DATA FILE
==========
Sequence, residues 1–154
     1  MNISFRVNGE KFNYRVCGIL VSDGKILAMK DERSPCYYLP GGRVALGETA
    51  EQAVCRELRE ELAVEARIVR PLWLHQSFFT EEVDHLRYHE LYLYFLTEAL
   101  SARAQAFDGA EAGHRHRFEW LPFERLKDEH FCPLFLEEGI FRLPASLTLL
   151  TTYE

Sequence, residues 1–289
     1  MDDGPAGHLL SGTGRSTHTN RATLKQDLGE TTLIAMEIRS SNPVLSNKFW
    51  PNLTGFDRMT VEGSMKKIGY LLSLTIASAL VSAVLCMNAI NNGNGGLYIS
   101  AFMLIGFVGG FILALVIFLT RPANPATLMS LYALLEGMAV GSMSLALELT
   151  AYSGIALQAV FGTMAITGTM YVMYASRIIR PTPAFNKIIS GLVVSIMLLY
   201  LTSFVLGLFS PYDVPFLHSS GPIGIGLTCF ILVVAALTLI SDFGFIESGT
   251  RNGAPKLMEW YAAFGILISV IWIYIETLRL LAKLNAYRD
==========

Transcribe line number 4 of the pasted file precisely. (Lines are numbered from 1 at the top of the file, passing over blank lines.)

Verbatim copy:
   101  SARAQAFDGA EAGHRHRFEW LPFERLKDEH FCPLFLEEGI FRLPASLTLL